Reading 500 Poems

How we put together this poetry issue

When Inlander Editor Jacob Fries asked me to put this section together, I had a pretty good idea how I might go about doing so. After serving as poet laureate for two years, and putting together Railtown Almanac, I have a good sense of who the poets in town are. I even suggested that we consider an open call, to see if we might get one or two surprises.

Six weeks later, I've read more than 500 poems from 264 writers, ranging in age, based on cover letters, from 5 to 90. As the submissions piled up, I began to find Jacob's original idea to publish 10 poems hilarious. I'm not much for math, but that's around 2 percent of the poems received. But here we are. And as was true when we published Railtown, I'm blown away by the depth and breadth of the poets in the Inland Northwest.

In selecting a dozen poems, I had to make some decisions. One of the chief joys of being an editor is in finding new talent, and that became one of my criteria, especially considering the new audience that the Inlander's readership represents. Who have they heard of? What will they find compelling? So I didn't include any of the most established poets in the area. Are Christopher Howell, Nance Van Winckel and Ellen Welcker among the best writers in the area? Of course they are, and you should run out to Auntie's and buy their books. They'll knock you over. They are brilliant writers, as are many others not appearing in this issue.

But maybe you aren't as familiar with the beautiful work of Kathryn Smith or Joe Wilkins. Maybe you haven't been to the Spokane Poetry Slam or Broken Mic (Why not, by the way? Go to those things!) and so haven't heard the work of Mark Anderson, James Decay or Fitz. Maybe you know Brooke Matson only as the extraordinary leader of Spark Central. Maybe, like me, you've never read the work of Saj Ravasia or Pat Cason before. I hope you will now.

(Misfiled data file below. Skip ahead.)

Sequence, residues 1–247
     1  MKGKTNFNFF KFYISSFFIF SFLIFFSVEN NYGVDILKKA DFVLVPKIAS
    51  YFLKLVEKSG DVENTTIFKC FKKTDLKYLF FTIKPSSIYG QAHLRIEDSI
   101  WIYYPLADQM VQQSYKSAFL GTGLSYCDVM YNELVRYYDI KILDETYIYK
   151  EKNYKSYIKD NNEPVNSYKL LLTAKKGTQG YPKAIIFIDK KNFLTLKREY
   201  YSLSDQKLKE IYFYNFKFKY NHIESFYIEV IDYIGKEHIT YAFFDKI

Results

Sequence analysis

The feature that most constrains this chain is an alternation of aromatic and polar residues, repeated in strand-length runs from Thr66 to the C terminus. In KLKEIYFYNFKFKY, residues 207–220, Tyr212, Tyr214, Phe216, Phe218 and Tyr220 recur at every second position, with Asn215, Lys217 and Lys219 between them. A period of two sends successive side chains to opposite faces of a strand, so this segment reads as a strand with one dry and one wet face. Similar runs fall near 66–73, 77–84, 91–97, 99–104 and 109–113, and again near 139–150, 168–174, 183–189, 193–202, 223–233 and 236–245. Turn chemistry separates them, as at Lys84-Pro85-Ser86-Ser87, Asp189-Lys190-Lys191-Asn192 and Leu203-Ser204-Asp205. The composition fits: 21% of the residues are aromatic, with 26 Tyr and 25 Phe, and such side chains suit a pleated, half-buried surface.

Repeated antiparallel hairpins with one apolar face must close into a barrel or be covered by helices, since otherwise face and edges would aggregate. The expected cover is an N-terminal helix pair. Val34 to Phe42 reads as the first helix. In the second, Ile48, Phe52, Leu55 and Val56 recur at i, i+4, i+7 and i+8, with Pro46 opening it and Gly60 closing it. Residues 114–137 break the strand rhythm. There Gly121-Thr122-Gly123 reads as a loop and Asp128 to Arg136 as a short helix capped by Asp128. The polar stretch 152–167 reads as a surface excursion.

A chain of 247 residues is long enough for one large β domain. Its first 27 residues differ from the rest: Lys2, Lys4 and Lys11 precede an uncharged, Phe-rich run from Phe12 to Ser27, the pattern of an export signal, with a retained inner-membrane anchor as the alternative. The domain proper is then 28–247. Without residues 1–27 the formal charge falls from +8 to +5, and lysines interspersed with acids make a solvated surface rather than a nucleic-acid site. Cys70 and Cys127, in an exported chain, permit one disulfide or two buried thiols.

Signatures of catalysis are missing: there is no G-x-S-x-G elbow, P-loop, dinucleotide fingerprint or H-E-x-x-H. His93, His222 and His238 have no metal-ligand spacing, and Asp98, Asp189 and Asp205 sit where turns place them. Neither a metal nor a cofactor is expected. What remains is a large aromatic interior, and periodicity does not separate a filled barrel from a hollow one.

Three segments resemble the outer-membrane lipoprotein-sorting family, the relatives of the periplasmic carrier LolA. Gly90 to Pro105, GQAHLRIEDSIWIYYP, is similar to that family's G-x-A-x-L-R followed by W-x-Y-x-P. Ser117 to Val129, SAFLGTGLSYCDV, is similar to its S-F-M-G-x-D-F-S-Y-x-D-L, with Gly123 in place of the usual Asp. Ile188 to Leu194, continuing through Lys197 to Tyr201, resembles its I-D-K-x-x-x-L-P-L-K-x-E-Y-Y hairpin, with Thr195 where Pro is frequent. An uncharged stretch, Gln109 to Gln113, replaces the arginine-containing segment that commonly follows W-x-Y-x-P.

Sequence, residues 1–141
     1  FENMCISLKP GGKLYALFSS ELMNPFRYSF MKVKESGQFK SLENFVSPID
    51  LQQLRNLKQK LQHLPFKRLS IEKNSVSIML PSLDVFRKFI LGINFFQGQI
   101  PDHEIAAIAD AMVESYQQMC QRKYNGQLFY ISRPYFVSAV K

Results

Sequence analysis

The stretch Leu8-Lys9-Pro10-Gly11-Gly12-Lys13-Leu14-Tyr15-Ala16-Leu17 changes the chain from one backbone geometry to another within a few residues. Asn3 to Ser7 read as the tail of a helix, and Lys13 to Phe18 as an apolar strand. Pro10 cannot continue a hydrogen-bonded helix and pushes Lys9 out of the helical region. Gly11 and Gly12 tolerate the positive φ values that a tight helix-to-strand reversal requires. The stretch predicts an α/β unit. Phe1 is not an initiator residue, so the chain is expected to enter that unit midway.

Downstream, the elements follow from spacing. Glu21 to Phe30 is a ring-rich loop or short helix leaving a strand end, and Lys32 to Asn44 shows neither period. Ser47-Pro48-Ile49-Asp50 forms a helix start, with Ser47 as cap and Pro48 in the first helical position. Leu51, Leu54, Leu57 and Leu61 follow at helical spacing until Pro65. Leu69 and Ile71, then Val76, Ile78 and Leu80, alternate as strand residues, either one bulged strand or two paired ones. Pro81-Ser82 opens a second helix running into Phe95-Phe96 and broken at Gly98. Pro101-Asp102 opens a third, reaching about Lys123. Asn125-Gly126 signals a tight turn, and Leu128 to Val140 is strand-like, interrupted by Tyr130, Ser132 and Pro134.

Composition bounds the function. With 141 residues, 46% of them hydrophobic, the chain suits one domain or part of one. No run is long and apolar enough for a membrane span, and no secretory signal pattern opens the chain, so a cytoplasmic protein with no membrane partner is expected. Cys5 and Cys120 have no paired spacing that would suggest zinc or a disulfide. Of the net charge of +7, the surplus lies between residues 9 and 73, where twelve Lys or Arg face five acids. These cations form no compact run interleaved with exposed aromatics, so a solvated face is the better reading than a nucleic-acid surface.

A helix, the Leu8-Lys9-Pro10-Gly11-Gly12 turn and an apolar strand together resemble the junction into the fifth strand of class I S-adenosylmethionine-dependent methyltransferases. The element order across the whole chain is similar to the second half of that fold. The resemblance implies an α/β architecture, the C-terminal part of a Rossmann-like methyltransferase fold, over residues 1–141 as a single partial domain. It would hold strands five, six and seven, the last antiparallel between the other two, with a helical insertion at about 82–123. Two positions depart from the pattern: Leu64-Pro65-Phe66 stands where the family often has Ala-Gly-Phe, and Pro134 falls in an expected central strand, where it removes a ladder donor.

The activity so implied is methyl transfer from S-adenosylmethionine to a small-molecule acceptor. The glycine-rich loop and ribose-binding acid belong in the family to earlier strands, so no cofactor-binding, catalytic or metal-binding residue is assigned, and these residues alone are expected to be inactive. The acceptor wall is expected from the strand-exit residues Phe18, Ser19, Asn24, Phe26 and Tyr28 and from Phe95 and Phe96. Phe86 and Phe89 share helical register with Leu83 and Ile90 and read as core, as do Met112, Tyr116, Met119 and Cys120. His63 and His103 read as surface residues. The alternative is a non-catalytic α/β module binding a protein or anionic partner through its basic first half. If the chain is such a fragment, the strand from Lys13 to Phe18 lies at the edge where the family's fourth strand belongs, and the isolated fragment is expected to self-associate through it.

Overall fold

Still, it was not easy to get down to 12 poems, in part because it meant rejecting 98 percent of the work that had been sent to me in hope, in earnest, joy, and sorrow, and everything in between. The work I read was remarkable, and demonstrates the deep pool of emotion and talent spread throughout the region, like our poetry is another aquifer, running just under the surface, and sustaining us, even as we sometimes forget that it is there. Thanks to everyone who sent something in; you confirmed what I already knew, which is that Spokane is just about the best place a poet can live. And thanks to Jacob and the Inlander, for supporting and promoting this amazing community. ♦

Thom Caraway, the editor of this section, was Spokane's first-ever poet laureate.

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